You’re nobody until somebody copies you, right? Maybe a client screen-grabbed your online gallery instead of buying digital files. Maybe a new photographer is offering to shoot weddings at a quarter of the price you charge. Maybe you noticed another photographer’s “about me” page looks suspiciously similar to yours. Maybe every time you shoot in a new location, your closest competitor seems to shoot in that exact same location the following week.
They say there’s nothing new under the sun, but that’s a misleading saying. There’s a big difference between drawing inspiration and flat-out copying. Imitation is supposed to be the sincerest form of flattery, but the truth is, you work hard for your art, and it stings when someone rips you off.
But here’s what no one wants to talk about: You may be supporting the copycat epidemic without even realizing it.
It may sound hard to believe. But…have you ever bought a $5 set of 10+ actions, or subscribed to a dirt-cheap all-you-can-download service, or used your Photoshop skills to recreate a pricey original design you loved?
When photography is your passion, those little design elements -- your logo, your branding, your marketing materials, your albums -- might feel like the boring nuts and bolts of your business. But for professional graphic designers, that’s our art.
And just like you stress out when someone copies your signature style or invades your secret shooting location, we stress out when we see knockoffs of the templates we worked hard to conceive and create.
We promise, it’s not just our wallets we worry about. As photographers, you can relate to this too -- as much as you hate losing clients to cheap competitors, doesn’t it also bother you to see someone trusting their family’s memories to subpar work? Likewise, when designers see knockoff templates and products originally created to help photographers’ businesses, we get a little bummed because we know you and your business deserve better.
Here are a few problems with bargain-basement templates and actions:
To put it in photography terms, cheap knock-off templates are the neon grass and oompa-loompa skin of the design industry. We see it everywhere, we know it’s wrong, and we can’t help but cringe.
But here’s the biggest problem: It encourages stealing.
You know how fired up you get when you scroll through PhotoStealers.com? That’s how our designers feel when we release a new product, only to see a discount site attempt to whip up an exact replica two days later. Or when a designer spends weeks testing a new set of actions, only to have someone tweak a step or two and sell it under a new name. Or when someone teaches an editing workshop, and a month later one of their students is offering a workshop on the same exact technique. We’ve even seen photographers demanding discount sites to replicate a more expensive design they saw elsewhere.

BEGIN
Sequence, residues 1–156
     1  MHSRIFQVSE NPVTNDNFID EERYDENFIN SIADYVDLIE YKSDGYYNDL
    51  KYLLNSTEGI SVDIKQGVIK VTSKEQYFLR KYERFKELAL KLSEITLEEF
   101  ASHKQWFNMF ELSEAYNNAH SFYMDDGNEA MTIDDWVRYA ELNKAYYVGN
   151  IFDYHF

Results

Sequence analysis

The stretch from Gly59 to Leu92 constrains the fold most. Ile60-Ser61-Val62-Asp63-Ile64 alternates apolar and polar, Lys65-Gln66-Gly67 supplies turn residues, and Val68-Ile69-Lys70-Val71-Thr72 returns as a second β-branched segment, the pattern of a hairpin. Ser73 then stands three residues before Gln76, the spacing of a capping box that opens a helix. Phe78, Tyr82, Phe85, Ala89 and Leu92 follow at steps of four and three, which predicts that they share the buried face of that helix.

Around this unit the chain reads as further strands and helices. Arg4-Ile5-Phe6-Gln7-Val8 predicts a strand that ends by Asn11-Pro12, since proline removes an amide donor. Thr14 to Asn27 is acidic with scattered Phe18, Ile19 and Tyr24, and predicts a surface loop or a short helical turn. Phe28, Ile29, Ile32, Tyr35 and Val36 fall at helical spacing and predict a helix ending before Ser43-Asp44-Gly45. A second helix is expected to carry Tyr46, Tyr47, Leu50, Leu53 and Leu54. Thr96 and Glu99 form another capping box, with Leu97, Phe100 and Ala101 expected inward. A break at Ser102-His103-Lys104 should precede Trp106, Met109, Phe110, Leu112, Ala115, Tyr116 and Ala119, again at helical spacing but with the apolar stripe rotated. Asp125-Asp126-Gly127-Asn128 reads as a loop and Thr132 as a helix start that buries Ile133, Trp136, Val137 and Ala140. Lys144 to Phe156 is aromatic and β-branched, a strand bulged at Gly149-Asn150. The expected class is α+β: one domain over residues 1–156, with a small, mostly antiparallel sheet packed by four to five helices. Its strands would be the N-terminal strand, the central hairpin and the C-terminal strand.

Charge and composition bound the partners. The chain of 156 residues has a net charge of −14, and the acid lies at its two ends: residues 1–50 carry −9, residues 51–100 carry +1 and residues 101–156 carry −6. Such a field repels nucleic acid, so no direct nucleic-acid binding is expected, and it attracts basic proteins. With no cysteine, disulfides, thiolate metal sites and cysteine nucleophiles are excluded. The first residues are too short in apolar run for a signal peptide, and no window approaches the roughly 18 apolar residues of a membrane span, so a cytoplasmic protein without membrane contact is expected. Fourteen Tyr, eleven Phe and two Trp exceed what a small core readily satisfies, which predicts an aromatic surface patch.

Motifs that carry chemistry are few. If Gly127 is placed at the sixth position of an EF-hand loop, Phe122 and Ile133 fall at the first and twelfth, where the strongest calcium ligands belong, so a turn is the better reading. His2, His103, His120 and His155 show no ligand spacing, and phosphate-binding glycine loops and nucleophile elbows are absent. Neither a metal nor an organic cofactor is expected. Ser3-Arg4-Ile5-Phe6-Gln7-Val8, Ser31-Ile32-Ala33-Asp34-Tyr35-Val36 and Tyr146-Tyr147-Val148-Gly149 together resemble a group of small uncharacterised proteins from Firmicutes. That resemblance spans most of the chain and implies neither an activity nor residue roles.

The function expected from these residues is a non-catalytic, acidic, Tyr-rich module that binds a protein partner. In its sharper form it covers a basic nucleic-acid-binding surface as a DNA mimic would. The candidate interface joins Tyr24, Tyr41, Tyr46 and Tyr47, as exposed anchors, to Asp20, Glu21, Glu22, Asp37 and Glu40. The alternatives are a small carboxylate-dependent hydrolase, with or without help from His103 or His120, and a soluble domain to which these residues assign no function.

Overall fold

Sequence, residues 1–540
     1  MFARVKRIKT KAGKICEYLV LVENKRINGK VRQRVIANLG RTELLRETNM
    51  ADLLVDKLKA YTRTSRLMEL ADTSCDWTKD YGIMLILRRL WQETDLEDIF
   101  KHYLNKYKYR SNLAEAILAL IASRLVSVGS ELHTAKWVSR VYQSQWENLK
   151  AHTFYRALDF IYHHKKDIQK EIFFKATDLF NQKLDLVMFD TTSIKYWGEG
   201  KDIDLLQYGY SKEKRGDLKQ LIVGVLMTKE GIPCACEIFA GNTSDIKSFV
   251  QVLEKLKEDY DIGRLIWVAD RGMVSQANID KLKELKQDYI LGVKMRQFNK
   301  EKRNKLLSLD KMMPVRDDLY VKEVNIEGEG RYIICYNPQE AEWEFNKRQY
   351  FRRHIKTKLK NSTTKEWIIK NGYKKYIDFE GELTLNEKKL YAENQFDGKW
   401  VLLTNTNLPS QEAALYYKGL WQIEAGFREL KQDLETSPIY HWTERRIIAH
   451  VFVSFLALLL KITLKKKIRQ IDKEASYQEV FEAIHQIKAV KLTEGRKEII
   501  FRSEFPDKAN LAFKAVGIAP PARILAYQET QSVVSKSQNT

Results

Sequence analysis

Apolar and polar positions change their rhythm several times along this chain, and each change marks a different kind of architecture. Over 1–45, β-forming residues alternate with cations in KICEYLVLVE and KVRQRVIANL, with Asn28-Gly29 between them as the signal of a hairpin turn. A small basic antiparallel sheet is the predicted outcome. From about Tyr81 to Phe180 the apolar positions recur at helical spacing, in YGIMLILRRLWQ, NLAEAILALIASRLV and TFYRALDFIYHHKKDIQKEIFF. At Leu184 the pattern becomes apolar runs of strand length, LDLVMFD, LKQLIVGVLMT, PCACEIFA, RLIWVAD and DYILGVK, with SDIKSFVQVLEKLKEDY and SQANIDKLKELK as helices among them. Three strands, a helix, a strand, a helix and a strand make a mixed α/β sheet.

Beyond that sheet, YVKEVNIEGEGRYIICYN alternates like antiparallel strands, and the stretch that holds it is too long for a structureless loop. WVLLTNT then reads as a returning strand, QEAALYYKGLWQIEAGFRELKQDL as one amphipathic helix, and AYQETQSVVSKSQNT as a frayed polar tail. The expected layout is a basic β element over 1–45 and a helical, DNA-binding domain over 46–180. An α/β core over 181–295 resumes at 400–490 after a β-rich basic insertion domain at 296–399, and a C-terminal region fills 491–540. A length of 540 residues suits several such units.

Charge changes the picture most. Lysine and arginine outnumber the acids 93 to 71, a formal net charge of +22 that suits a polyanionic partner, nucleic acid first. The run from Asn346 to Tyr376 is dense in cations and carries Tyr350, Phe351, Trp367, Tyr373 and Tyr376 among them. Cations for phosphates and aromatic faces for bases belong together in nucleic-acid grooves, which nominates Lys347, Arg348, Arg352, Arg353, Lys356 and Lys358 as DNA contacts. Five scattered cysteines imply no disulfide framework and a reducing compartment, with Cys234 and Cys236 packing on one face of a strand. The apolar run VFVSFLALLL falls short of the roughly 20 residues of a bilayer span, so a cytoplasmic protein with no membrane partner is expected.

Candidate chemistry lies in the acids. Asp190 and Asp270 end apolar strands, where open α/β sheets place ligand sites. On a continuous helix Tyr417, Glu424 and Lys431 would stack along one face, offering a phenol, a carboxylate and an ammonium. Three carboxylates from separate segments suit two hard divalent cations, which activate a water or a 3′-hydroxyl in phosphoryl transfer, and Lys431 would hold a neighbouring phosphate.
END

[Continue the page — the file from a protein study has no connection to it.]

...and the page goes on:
Like you, we try to take the high road and tell ourselves that the clients who don’t recognize quality aren’t our ideal clients anyway. But like you, we secretly worry that this is becoming the industry norm, because too many creative folks are becoming complacent about it.
Bottom line: If you want to be respected as an artist, you need to respect artists. If you cringe when someone crops out your watermark, don’t download copyrighted templates and actions from a share site. If you hate losing clients to undercutters, then go out of your way to make sure you have a unique brand and offer a superior custom experience. If you’ve ever put your foot down about someone screen grabbing your images, don’t use unlicensed music on your website. If it drives you nuts when someone retraces all your locations, don’t beg discount sites to copy a template you saw elsewhere.
Want to break the cycle? Here are a few suggestions:
From a very early age I loved taking pictures and looking at them in magazines and books, but the art of photography captured my heart when I was a teenager, on my first overseas trip to Wales. From that point, I began shooting with a little film SLR and having my friend model for me. In college I took some digital photography and visual communication courses as part of my communication studies major, and decided to pursue a career in photography. I became a legal business and took my first paid client at age 20, and it's been quite a journey and adventure over the past nine years.